Mickle – It comes out, well, my birthday’s October 12th, it comes out on the 11th.
It’s the perfect birthday gift. Trust me. it’s the movie of the year.
Mickle – He’s my favourite filmmaker. I was fortunate enough to have dinner with him one night. I was just beside myself.
I’m curious about being an actor and putting yourself in a mystery where the audience knows more than you, and you’re always one step behind. Can you talk about putting yourself in the frame of mind of Locke, a character who evolves over the course of the movie? How did you approach that?
Holbrook – That’s a big question. The good thing about it, I don’t really know what’s happening until my character is unravelling. So, the character is active in that way throughout the script, the character is active. He’s not a passive character, regardless of if his decision-making is wise or not.
I compartmentalized things when I was prepping the character for the story. I would work on one chapter at a time, and then it connected itself in a way too. The script, really, I didn’t have to create any impediments for the character. Every project is different, but this one was really unique because it was such a mountain to climb.
I love when a film grabs you by the collar in the opening minutes and demands your attention. You put in a wild set-piece to start off the film. Can you talk about how that came about?
Mickle – A lot of that was in there, in the very first draft. I think that was something that excited me, I think there is no real dialogue until page three or four of the script. And setting something to music and having the operatic beginning to a movie just felt like, YES, this is what I want to do.
I had just come from doing a TV show where you’re doing a lot of talking heads, which is also great, but at some point, you’re like, “I want to do a set-piece.” And so, I loved that, and I also loved that it’s these three separate things, you don’t quite know what the hell is happening, and it just throws you in right away. This isn’t something that you’ve seen before. It’s elements of things you’ve seen but in a different arrangement.
This question is for both of you. You’ve both done a lot of work in pulpy, genre films. What’s the appeal?
Holbrook – It’s so one thing. I love watching horror films. I love getting the shit scared out of me. It’s always the story. For all the bells and whistles that Jim is able to pull off in this, at the core of it is a real story.
And what brings you [Jim] back to the genre?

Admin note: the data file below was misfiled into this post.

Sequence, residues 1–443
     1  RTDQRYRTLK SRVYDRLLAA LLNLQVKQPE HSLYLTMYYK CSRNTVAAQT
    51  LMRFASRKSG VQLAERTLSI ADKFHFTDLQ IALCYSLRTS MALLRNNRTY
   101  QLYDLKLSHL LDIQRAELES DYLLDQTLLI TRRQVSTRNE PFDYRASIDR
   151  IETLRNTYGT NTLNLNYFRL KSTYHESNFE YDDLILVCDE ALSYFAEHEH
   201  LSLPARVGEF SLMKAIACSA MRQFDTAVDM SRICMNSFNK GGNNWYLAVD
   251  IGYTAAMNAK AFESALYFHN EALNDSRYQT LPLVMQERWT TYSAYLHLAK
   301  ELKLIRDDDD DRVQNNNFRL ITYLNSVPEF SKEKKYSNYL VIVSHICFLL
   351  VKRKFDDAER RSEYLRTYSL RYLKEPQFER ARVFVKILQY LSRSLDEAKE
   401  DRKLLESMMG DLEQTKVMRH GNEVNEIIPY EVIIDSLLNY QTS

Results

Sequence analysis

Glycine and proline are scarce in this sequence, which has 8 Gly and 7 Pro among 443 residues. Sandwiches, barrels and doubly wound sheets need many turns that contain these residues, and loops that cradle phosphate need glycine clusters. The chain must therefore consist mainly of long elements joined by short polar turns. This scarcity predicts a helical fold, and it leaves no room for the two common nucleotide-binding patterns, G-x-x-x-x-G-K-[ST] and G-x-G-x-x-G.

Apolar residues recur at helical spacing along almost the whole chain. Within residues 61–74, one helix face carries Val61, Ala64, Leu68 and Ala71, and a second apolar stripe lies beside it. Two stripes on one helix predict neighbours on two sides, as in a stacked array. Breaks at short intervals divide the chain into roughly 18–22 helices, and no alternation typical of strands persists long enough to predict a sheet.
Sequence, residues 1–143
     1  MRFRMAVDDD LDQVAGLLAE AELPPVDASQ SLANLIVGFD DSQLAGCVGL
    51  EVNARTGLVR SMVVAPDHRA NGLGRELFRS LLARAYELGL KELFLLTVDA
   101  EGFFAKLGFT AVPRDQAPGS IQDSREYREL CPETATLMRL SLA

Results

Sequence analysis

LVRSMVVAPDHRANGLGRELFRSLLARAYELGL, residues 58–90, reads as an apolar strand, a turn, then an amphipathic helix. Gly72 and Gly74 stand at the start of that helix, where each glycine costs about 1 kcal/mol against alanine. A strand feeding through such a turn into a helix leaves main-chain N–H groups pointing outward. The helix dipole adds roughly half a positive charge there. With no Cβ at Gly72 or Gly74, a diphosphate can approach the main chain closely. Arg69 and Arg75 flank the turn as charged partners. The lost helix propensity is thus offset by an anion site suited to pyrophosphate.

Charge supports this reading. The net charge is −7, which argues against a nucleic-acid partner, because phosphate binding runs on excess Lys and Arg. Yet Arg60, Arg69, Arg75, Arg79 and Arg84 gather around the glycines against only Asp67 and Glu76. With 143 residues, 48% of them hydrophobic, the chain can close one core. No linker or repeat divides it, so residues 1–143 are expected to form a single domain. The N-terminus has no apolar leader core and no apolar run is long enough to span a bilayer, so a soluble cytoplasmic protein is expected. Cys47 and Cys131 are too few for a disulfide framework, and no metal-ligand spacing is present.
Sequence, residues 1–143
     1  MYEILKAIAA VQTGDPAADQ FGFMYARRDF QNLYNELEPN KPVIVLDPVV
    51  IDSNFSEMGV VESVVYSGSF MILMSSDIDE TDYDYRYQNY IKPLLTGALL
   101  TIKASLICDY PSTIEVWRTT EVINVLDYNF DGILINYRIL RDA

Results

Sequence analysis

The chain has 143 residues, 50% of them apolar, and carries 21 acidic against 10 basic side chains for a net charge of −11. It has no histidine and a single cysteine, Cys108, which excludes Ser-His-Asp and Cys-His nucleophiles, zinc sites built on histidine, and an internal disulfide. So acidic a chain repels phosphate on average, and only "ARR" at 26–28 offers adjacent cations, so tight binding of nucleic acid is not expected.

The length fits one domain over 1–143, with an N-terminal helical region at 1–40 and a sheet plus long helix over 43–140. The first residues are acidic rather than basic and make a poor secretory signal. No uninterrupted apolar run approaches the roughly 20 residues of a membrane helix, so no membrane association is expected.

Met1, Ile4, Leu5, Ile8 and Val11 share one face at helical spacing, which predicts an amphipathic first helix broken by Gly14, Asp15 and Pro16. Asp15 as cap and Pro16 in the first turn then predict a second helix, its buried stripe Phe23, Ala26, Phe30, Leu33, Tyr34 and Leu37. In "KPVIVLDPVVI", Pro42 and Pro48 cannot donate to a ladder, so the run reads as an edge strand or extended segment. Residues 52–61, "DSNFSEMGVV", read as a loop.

Mickle – I grew up on it, so a little bit of it is comfort food, and it’s like a return to childhood which is always fun. But I also think it’s the best genre to work on character because you can really… that’s part of the fun of this is you can open up the movie with a bus crash and all this stuff, and then, fortunately, your audience is hooked and then you can actually have a scene with a guy saying goodbye to his wife, and see his life, and go through that stuff which I think is great.
So, I think it’s a great means for playing with character and also themes. There’s a lot of things to talk about socially and thematically that can be a little bit dry if it’s too literal and so it’s always nice to put it through a skewed, heightened lens that entertains you, and you don’t really realize that you’re playing with these bigger ideas.
Do you guys think the genre gets the respect it deserves?
Mickle – No. Never. It never does. When it’s Get Out, and stuff like that comes along it’s like, boom, and there’s these things that remind people, and it’s always like, “Oh, the rise of the elevated horror movie,” when something like that happens. No, there’s elevated horror movies all the time, and I love Get Out. I love when those movies come out and remind us that you can do a lot of really interesting conceptual things and do them within horror. So, no, I don’t think they do. Even Night of the Living Dead, obviously, sort of being the original… no, it’s always frowned upon, and it’s always looked at as kind of childish.
What do you think is the impediment? Genre films can be anything from a horror movie to a crime flick. Why don’t they get more respect or Oscar love?
Holbrook – I think the difference is in like a drama where the two people that are – going back to the talking heads – creating a climactic situation, whereas genre film you really have to be a craftsman of filmmaking to control all that [build up] so the audience is in rhythm with that. It’s a total control thing. Not something you’re born with, it’s definitely something you learn to do. It’s a technical thing that I think is deserving of respect.